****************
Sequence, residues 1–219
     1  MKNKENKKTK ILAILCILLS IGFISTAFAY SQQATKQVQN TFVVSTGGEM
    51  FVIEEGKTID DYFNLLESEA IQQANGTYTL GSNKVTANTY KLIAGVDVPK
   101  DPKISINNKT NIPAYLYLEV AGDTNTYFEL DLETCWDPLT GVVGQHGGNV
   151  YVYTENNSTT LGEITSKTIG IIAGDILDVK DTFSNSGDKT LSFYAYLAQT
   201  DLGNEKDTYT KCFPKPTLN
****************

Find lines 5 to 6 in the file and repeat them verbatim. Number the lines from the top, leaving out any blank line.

   151  YVYTENNSTT LGEITSKTIG IIAGDILDVK DTFSNSGDKT LSFYAYLAQT
   201  DLGNEKDTYT KCFPKPTLN